today’s thoughts (from a kayak)

 

Red winged blackbirds. Darting in and out of reeds, returning sometimes with nesting material. Sometimes I think they just go out for smokes.

Morning pond air chock full of chittering, occasional grunts from somewhere in the bull rushes behind my boat. I tend not to worry about strange sounds on the water… it’s only what’s on land that’s worrisome.

Kingfisher. Flies like she means business.

Seagull. On perpetual holiday.

All this singing, chittering, trilling, cawing. Is it a band or a choir?

[Every time I don’t bring a sandwich, I regret it.]

Yellow finch flits to the accompaniment of frog solo bass.

Have lodged my boat among lily pads and stare at opposite shore wondering what it must be like to understand nature, to know what tree that is or what everything’s surviving on, what kind of fish is it that keeps jumping here, and then here… to have some idea of how to move through the world less clunkily, to disturb little, to be still. I ask these questions then open my tupperware container of market blue berries and eat them with inelegant fingers.

[The lily pads work extremely well keeping my boat in place. I wonder if the voyageurs knew this trick.]

Water level too high for egrets, herons, both blue and green, cormorants too.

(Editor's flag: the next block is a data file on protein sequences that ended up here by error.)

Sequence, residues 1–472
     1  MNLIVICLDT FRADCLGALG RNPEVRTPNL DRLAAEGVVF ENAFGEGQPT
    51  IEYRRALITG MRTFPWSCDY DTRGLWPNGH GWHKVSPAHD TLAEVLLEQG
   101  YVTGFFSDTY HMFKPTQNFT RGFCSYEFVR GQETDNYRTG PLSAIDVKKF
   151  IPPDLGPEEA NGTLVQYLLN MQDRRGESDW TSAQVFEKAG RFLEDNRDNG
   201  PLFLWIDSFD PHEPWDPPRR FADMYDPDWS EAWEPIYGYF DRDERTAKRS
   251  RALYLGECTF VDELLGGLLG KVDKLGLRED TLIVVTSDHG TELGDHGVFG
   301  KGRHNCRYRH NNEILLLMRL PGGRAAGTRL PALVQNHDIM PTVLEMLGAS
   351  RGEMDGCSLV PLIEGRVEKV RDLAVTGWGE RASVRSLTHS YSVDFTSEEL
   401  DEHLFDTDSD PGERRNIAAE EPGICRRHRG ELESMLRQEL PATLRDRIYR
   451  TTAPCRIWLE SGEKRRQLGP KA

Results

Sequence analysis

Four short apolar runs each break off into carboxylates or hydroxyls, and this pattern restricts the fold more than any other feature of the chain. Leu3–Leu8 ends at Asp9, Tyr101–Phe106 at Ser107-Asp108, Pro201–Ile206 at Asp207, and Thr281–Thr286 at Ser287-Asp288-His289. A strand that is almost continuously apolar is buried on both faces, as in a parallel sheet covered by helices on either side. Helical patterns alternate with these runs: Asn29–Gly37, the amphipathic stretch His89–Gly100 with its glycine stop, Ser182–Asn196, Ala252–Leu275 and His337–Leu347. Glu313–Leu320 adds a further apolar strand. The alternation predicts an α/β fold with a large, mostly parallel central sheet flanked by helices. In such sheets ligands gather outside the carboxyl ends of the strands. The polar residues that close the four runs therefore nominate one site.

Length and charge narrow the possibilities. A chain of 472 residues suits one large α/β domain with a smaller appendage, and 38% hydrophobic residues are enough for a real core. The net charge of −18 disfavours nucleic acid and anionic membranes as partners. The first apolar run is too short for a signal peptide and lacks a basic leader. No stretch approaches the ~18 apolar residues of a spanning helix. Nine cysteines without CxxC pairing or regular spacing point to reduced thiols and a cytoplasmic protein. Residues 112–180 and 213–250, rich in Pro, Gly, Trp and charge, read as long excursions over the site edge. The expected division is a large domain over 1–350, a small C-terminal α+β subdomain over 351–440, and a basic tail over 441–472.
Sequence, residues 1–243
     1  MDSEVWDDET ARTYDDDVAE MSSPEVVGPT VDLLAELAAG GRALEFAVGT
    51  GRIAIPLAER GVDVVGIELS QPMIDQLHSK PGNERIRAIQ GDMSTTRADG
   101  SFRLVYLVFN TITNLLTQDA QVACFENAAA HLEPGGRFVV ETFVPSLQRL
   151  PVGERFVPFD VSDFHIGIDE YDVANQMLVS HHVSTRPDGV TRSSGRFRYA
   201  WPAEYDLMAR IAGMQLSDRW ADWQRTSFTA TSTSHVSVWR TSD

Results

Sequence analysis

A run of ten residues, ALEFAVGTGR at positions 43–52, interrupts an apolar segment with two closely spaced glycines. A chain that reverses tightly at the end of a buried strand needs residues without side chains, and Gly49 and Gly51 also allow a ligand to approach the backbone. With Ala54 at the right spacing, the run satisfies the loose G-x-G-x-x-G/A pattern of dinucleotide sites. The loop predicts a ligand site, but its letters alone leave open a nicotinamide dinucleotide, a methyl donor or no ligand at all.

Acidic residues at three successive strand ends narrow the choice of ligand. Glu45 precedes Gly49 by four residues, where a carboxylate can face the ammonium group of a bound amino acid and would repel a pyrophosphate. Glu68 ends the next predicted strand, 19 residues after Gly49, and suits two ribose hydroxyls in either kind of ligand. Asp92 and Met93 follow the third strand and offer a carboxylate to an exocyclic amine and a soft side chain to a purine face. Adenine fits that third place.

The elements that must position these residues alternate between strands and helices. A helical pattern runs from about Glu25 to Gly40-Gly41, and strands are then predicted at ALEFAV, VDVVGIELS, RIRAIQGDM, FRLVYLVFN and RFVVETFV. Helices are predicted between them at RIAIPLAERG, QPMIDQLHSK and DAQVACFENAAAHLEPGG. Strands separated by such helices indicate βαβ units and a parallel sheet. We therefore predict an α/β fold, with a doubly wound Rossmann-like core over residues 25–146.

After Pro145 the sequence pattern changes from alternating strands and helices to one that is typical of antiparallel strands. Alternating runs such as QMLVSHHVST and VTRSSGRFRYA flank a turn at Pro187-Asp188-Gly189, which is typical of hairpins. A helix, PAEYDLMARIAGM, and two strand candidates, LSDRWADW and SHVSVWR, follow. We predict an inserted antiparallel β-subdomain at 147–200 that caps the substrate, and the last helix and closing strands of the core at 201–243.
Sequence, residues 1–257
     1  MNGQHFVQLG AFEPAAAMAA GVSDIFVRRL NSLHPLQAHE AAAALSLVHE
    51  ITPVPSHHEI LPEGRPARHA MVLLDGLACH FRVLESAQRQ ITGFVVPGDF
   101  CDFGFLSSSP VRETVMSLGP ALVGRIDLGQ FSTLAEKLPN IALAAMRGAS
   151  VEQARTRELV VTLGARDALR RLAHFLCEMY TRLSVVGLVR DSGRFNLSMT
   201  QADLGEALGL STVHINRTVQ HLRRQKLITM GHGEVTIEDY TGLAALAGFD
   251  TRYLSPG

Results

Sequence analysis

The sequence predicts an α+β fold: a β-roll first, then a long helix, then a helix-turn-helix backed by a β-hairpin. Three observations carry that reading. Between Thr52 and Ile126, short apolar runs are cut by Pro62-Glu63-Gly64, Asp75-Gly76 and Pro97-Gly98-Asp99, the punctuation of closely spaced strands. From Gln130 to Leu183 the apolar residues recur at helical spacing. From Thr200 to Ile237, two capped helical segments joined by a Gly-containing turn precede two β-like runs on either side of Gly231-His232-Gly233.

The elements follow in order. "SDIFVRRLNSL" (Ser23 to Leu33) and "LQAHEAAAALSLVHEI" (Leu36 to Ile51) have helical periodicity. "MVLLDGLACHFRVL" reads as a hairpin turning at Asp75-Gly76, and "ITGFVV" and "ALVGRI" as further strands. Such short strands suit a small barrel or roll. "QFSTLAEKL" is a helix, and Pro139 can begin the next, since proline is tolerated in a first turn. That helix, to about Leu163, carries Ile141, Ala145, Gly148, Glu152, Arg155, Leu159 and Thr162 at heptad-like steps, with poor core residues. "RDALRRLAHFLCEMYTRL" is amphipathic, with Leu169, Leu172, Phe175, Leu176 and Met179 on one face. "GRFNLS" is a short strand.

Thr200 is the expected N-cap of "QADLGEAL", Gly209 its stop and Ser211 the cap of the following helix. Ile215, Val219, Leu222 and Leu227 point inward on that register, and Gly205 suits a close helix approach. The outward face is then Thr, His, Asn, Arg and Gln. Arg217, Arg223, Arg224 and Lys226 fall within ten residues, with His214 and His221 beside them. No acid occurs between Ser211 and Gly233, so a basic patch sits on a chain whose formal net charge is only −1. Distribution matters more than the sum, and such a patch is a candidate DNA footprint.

Deer. First one, then two. I paddle gently, watching them on the woodland side of the pond but they must see me because their nonchalance suddenly turns to startled and then they turn into the woods. And, poof, they’re gone.

A kind of elation, mild ecstasy, maybe not even so mild… arrives if I stay in one place long enough. The opposite of boredom. The pleasure of being somewhere long enough to have questions, to understand… something…

Two cardinals. I may have caught them in a picture I was taking of the light that has turned lime green yellow bright on this summer morning.

Or maybe not.

 

 

 

wordless wednesday (summer postcards)

 

I was not one of those kids who got bored during the summer holidays. Curiosity might have been part of it, I don’t know. I remember practicing to be Nancy Drew by picking up gum wrappers, thinking they might hold clues to something. Curiosity maybe, or just early litter warrior tendencies.

For what it’s worth, here follows my own (as well as I can remember details) instructional on summertime activities of the kind that guarantee… absolutely guarantee, non-boredom. You are welcome.